Tag: dad blog

Giveaway – Hip Hop Into Spring With Kellogg’s Rice Krispies!

 Spring is definitely my favorite season.  After a long, cold, dreary winter, things just feel more exciting this time of the year.

And speaking of eggciting (Haha, you see what I did there? Hey, what do you mean you hate puns?), Easter is also just around the corner. As such, my good friends at Kellogg’s, with a little help from the Easter Bunny, had this sweet package delivered to my doorstep:

J was not included in the package.

The new Spring Edition Rice Krispies Squares Bars put a spring in my step when I tried them (what do you mean you still hate puns?). B, J and yours truly also enjoyed using the new Spring Edition Rice Krispies Cereal to make some eggstraordinarily (Ok, ok, I’ll stop) gooey treats!

An egg by B.

An egg’s nest by J.

A ‘WTF is this supposed to be?’ by me. It didn’t go eggsactly as planned, clearly.

Be sure to hip-hop on over (I’m sorry, I have a pun problem, I know. Please don’t eggnore the rest of the post) to the Yummy Recipes – Special Occasions section on www.ricekrispies.ca, and the Rice Krispies Canada Pinterest Page at pinterest.com/RiceKrispiesCA/ for your own treat-making inspiration.

Aight, no more yolkin’ around. Let’s get crackin’ on a giveaway. Omelettin’ you have a chance to win the same package of Easter goodness that I received from Kellogg’s! Just fill out the entry form below, no further eggsplanation needed.

KELLOGG’S SPRING PRIZE PACK!

DATES –  Giveaway closes at 11:59PM on April 23, 2017.

ELIGIBILITY – Open to all residents of Canada, except for Quebec.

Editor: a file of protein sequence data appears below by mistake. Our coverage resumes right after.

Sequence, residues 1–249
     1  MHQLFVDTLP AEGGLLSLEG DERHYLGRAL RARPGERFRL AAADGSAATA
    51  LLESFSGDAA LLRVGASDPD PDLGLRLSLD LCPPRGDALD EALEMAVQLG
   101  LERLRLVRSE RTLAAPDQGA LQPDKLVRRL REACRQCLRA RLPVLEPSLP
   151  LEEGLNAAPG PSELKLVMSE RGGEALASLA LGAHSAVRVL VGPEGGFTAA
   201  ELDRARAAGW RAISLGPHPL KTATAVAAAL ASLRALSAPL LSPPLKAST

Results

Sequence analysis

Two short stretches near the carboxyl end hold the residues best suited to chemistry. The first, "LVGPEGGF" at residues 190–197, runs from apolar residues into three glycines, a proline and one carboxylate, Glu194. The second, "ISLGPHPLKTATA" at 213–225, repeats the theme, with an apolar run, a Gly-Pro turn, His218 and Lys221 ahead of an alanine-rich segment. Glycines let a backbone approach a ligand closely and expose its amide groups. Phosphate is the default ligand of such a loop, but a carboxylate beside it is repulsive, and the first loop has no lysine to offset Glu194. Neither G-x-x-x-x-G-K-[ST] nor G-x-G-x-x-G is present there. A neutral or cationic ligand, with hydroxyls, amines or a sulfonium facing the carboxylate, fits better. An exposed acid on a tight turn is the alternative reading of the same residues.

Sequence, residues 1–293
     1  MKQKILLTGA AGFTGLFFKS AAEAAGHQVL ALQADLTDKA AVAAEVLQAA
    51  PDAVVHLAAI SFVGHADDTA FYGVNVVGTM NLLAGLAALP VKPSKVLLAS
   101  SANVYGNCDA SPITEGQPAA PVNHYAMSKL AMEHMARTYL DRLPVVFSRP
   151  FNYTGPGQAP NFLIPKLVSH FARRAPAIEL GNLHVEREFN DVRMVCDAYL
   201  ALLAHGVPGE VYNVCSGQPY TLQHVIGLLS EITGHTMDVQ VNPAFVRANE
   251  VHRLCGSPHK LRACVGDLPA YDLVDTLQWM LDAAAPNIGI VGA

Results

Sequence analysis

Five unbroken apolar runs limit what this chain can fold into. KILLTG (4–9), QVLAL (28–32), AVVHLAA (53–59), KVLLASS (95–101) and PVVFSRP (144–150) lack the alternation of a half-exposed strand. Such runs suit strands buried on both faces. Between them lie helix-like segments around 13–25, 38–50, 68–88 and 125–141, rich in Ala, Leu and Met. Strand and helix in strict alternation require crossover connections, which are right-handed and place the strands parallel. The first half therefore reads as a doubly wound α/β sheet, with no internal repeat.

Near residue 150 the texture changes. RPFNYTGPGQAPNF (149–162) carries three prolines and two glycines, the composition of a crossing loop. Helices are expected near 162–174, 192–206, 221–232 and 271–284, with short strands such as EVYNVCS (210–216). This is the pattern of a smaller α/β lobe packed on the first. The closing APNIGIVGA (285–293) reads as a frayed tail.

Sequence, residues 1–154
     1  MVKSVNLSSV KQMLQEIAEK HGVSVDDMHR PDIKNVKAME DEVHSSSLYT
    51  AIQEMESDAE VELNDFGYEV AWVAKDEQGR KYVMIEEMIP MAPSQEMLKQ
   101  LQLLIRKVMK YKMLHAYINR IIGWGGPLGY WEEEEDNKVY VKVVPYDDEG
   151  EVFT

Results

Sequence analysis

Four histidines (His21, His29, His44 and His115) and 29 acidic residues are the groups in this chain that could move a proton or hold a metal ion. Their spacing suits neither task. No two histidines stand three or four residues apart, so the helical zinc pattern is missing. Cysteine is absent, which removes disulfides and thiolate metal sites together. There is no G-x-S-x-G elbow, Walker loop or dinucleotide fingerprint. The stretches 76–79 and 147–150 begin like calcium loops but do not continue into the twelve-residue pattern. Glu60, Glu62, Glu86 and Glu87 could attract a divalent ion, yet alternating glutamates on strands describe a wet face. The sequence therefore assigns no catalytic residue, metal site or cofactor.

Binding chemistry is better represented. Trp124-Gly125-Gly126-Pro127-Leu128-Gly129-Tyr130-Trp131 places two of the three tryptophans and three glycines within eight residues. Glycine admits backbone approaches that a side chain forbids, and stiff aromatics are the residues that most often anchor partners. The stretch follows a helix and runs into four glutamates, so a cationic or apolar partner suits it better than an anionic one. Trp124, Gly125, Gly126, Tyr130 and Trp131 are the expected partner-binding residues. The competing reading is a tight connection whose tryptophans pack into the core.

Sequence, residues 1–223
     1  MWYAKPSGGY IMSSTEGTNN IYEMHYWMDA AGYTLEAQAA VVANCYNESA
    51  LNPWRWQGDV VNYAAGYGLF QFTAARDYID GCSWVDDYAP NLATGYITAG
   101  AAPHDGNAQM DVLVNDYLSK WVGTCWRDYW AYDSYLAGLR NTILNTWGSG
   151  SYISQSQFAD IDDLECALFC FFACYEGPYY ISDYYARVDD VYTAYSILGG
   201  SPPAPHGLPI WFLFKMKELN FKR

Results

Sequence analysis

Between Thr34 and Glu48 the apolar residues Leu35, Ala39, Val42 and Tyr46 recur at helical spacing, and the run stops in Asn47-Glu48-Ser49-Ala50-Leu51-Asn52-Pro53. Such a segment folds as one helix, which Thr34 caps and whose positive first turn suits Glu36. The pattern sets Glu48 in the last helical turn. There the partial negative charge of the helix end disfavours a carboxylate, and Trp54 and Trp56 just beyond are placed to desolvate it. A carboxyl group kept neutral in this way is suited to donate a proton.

TO ENTER –  Use the form below to complete the mandatory and optional entries, for your chance to win.

GOOD LUCK!

 

Do The Right Thing

 

Do you and your kids have a thing?

You know, a thing?  

Yo, I’m talking about that common interest which helps you bond with them.

It dawned on me recently that J and I don’t really have a thing. This realization made me feel kind of guilty, for real. Sure, we get along well and do lots of dope stuff together. However, unlike Amerie back in 2005, we don’t have one thing. B and I, for example, talk, watch or play basketball a lot. J and I don’t get down like that, though.

With this in mind, when my good friends at Culinary Adventure Co invited me out to one of their food tours, I jumped at the opportunity!

See, Culinary Adventure Co. is Canada’s largest culinary tourism and experience operator, offering a variety of neighbourhood food tours and other tasty adventures. J is curious by nature, and also loves to try new eats. A food tour would be right up her alley, right? We’d walk around a ‘hood in Toronto, learn some history and sample some scrumptious foods. Perhaps this would be start of our new thing: daddy-daughter foodies!

So how did it go, you ask?

Well…….

Ok, let me start by saying that I thoroughly enjoyed our particular tour of the Riverside and Leslieville area in Toronto. Our guide, Ian, was very knowledgeable and enthusiastic, and filled us with all kinds of cool information about the neighbourhood.

Our tour group consisted of a bunch of hardcore foodies. I’ve never been around that many people who were so passionate about their dining. They were the type who would have choked on their baba ganoush if I had told them that I had Kraft Dinner for supper the other night. Even though I lacked their sophisticated palate, and even though I was the only one who had a child with them, everyone in the group was very friendly to J and I.

In terms of the food, I really liked everything that we had, but don’t take my word for it. I  did make a point of listening in on the opinions of the group at each stop. Truth be told, I heard a lot of compliments from the hardcores about the tastes and presentations.

However, truth be told, I also had two unexpected issues come up with J.

The first was, while normally very open-minded, she picked that day to be a picky eater. Despite normally liking what was offered at the Middle Eastern restaurant we stopped at, she refused to try anything, because it looked “spicy”. Despite liking canned tuna, she refused to try the fresh tuna at the fish market, because it wasn’t canned. Despite loving bread, she refused to try the fresh bread at the bread factory, because it didn’t come in a  plastic bag (curse you, Dempsters!).